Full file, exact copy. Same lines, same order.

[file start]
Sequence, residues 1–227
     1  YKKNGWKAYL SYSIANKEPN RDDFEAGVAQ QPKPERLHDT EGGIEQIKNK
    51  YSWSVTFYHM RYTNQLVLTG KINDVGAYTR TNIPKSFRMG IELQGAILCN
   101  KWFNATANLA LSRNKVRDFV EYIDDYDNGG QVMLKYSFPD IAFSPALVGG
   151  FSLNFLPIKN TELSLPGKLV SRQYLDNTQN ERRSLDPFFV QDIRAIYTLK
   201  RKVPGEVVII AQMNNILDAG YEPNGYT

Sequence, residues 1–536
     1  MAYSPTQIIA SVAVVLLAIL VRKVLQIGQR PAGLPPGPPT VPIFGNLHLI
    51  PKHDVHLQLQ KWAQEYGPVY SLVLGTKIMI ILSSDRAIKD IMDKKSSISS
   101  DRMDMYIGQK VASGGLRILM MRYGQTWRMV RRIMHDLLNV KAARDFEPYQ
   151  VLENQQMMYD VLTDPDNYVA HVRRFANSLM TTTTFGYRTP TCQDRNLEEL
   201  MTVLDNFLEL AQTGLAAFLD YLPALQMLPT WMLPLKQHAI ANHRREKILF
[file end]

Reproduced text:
Sequence, residues 1–227
     1  YKKNGWKAYL SYSIANKEPN RDDFEAGVAQ QPKPERLHDT EGGIEQIKNK
    51  YSWSVTFYHM RYTNQLVLTG KINDVGAYTR TNIPKSFRMG IELQGAILCN
   101  KWFNATANLA LSRNKVRDFV EYIDDYDNGG QVMLKYSFPD IAFSPALVGG
   151  FSLNFLPIKN TELSLPGKLV SRQYLDNTQN ERRSLDPFFV QDIRAIYTLK
   201  RKVPGEVVII AQMNNILDAG YEPNGYT

Sequence, residues 1–536
     1  MAYSPTQIIA SVAVVLLAIL VRKVLQIGQR PAGLPPGPPT VPIFGNLHLI
    51  PKHDVHLQLQ KWAQEYGPVY SLVLGTKIMI ILSSDRAIKD IMDKKSSISS
   101  DRMDMYIGQK VASGGLRILM MRYGQTWRMV RRIMHDLLNV KAARDFEPYQ
   151  VLENQQMMYD VLTDPDNYVA HVRRFANSLM TTTTFGYRTP TCQDRNLEEL
   201  MTVLDNFLEL AQTGLAAFLD YLPALQMLPT WMLPLKQHAI ANHRREKILF